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Lesson 1

Web Interaction Model

Any communication can be separated into the message (the content of the communication) and the medium (plural of media, including such items as a newspaper, a compact disc, word of mouth, or a Web site). In the previous module, you were introduced to the message elements of a Web site, the first three layers of the Web Interaction Model:
  1. Signs and Metaphors, where the user interprets the message of a Web site;
  2. Information Architecture, the architecture that structures the navigation through the message; and
  3. Software, applications that enable the design and support the storage of files necessary to the site.

This module discusses the Web Interaction Model as a framework for understanding the two remaining layers of the model: Networks and the Internet, and Hardware. These layers are the media over which the message is sent and the physical components required to send and store the message and associated data.
You will also learn about some of the protocols by which networks communicate, as well as how businesses are using the Internet to leverage the power of Web-based applications.

Module Objectives

By the end of this module, you will be able to:
  1. Explain the setup and purpose of the Internet, intranet, and extranet.
  2. Explain TCP, IP, HTTP, and FTP protocols
  3. Explain how Web resources are transmitted across the Internet
  4. Describe components of the hardware layer
  5. Use the Web Interaction Model to explain how resources are requested and received via the Web
  6. Explain how the Web-based business applications are supported by the Web Interaction Model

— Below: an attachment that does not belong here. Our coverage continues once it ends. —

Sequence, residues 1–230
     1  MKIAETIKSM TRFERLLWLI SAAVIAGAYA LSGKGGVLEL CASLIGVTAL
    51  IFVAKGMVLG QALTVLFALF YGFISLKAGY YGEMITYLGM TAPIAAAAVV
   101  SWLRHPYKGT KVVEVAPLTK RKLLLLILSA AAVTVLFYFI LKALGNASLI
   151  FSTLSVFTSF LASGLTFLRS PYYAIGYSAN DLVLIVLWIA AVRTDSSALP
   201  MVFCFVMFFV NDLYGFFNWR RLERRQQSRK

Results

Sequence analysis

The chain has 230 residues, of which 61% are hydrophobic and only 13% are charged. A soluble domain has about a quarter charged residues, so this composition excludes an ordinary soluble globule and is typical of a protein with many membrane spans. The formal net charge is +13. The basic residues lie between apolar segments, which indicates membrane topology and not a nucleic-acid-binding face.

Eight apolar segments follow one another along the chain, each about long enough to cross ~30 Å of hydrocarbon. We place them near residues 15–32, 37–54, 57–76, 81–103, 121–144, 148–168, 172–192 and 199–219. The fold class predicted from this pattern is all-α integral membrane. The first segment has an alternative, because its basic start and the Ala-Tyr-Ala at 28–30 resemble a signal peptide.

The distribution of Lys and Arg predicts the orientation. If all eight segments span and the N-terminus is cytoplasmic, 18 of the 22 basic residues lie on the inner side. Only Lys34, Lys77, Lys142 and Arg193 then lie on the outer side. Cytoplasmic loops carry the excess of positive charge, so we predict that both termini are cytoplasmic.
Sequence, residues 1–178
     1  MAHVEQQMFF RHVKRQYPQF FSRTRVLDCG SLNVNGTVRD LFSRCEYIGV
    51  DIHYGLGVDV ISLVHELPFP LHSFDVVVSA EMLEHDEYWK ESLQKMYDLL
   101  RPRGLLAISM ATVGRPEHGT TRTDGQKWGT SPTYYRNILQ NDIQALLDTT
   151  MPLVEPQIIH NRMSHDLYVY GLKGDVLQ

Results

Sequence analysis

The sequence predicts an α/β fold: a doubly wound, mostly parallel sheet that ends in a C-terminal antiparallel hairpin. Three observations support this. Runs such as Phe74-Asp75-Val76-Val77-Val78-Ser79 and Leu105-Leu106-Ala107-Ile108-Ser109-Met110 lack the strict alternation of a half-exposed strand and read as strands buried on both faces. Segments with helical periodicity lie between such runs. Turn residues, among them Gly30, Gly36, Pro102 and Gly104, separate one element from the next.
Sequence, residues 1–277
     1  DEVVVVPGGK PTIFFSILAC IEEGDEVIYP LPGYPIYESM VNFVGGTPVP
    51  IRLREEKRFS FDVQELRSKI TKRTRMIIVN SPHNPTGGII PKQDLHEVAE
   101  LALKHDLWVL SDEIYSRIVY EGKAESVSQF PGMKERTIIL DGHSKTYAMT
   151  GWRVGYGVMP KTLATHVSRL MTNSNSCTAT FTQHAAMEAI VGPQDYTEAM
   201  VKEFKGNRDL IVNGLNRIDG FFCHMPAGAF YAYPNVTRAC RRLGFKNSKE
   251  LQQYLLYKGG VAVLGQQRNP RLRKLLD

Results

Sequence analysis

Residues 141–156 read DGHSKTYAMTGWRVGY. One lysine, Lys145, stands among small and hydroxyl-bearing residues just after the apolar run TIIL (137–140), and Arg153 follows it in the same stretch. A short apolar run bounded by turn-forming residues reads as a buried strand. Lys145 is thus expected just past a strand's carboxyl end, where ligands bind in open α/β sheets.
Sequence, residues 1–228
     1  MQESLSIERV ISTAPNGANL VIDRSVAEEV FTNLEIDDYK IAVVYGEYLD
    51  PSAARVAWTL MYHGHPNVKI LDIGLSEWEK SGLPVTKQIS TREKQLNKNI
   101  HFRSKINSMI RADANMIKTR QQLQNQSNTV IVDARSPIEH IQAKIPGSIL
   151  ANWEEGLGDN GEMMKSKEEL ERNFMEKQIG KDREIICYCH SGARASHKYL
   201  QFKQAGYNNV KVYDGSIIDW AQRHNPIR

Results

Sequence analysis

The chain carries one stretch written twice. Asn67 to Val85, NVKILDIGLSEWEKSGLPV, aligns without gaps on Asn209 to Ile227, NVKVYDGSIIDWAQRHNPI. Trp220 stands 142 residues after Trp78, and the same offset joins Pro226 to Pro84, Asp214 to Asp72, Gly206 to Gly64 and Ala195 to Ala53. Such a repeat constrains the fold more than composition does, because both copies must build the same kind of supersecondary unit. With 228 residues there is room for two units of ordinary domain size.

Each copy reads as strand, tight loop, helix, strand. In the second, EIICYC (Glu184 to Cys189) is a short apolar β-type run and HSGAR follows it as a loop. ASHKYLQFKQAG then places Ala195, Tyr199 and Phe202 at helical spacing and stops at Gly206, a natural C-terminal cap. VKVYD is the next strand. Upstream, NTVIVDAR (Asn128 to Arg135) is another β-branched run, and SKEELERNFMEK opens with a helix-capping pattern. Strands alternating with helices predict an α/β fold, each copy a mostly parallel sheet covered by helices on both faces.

In the next lesson, you will learn the distinctions between the Internet, intranets, and extranets.

A Web interaction starts with a client program establishing a network connection to some server. At the low level this is done via sockets with the TCP/IP protocol. Perl does support socket programming directly (see below), and the module Net contains functions to allow a program to follow TCP/IP (as well as many others Internet protocols, such as FTP, DNS, and SMTP). On top of sockets and TCP/IP for basic data transfer, the HTTP protocol dictates the structure and content of messages exchanged between client and server. Rather than deal with all these technologies individually, the LWP::UserAgent module allows the programmer to manage all client-side activities through a single interface. A simple client script would look like this:

Perl LWP::UserAgent module

use LWP::UserAgent; # imports other
modules too
$client = new LWP::UserAgent();
$acmeReps = new URI::URL('
$outHead =
new HTTP::Headers(User-Agent=>'MyBot
v2.0', Accept=>'text/html');
$outMsg = new HTTP::Request(GET, $acmeReps,
$inMSg = $client->request($outMsg);
$inMsg->is_success ? {print $inMsg->
content;} : {print $inMsg->message;}

The network connections and message formatting to HTTP protocol requirements is handled transparently by the LWP functions. Here, the client causes a request like this to be sent to the Web server at
GET/reports/index.html HTTP/1.0
User-Agent: MyBot v2.0
Accept: text/html
If the requested file is not there, the response from the server will be an error message. If it is there, the response will contain the HTML file for the bot to process in some fashion.
Web Network Data Science